Exotic Nanocarbons Project have been completed on March , 2014.
Thank you very much for your longtime support and help on our project.


Our research focuses on creating new hybridized nanocarbon materials and fabricating various devices for applications in the field of green energy and the environment, nanocomposites, and new generation electronics/sensors.

Synthesis of hybridized nanoCarbon materials

Synthesis of hybridized nanoCarbon materials

Due to their similar atomic parameters, B, C and N can be substituted for each other and form various semiconducting hexagonal layered structures. As the Figure shows, starting with graphene, B substitution can form p-type graphene, and N doping forms n-type graphene. It is also possible to form C-B and C-N binary chemical compounds with certain stoichiometry, such as BC3, B2C, and CN3, etc. All these stoichiometries have specific electronic structures and properties. Complete B and N co-substitution of C can form a BN hexagonal net, and their partial co-substitution will form a semiconducting BCN hybrid structure.

In this research, we seek to study new hybrid nanocarbon materials, their synthesis, properties and potential applications.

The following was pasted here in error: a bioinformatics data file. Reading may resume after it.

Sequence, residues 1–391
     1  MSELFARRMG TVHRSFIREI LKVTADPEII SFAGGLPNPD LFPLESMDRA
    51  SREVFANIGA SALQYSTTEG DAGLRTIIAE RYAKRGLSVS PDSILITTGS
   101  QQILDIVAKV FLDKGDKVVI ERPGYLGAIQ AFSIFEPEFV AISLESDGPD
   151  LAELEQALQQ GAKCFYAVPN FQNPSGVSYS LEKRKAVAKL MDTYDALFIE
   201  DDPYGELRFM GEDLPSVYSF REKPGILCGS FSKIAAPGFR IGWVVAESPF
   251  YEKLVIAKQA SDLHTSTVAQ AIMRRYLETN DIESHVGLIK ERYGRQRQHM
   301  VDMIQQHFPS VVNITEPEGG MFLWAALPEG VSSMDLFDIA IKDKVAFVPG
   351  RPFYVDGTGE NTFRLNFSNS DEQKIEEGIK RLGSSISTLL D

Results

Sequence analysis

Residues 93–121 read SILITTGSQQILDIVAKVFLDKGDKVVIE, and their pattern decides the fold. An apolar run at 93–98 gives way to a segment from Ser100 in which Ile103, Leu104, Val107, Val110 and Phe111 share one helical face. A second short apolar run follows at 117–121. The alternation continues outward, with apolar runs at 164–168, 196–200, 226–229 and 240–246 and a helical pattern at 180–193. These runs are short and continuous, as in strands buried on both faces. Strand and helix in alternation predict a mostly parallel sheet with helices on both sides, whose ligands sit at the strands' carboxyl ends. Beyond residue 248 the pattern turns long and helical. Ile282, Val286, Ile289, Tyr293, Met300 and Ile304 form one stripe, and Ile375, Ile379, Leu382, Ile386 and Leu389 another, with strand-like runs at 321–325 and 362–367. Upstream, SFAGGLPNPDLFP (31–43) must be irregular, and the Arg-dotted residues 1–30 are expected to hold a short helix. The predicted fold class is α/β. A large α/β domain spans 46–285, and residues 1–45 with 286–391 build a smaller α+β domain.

Micro/Nano-device fabrication and analysis for electronics, sensors and active systems

Materials such as CNT and graphene have big advantages over conventional silicon based devices and copper based interconnects.

In this research, we will use nanocarbons for developing a new generation of integrated electronic components. In addtion, we will pursue various approaches to build sensor network systems using nanostructures and their assemblies.

Nanocarbon-based green innovation devices

Thanks to their high carrier mobility with tunable electrical and optical properties, carbon nanotube and graphene have a high potential for creating next generation photovoltaic devices.

In our proposed research, we will work towards the realization of the fabrication of carbon nanotube-based and graphene-based photovoltaic and energy-storage devices, and the exploration of their electronic optical properties and phtotcurrent behavior. Two main devices, including carbon nanotube-silicon heterojunction solar cells and hybrid graphene p-n junction photovoltaic devices, will be fabricated here through our unique synthesis method and lithography technique. Following this, we will determine the electrical and optoelectronic characteristics of these devices using our cryostat probe station measurement system. In particular, the photovoltaic properties will be investigated in a solar simulation system for improving and optimizing the efficiency of these nanocarbon-based photovoltaic devices.

We expect that the advantages of this CNT-based and graphene-based solar cell and supercapacitor will be low cost, high efficiency and the possibility of building the cell on flexible substrates. We believe that our exploration of these nanocarbon based photovoltaic devices will lead to a new direction in solar cell applications.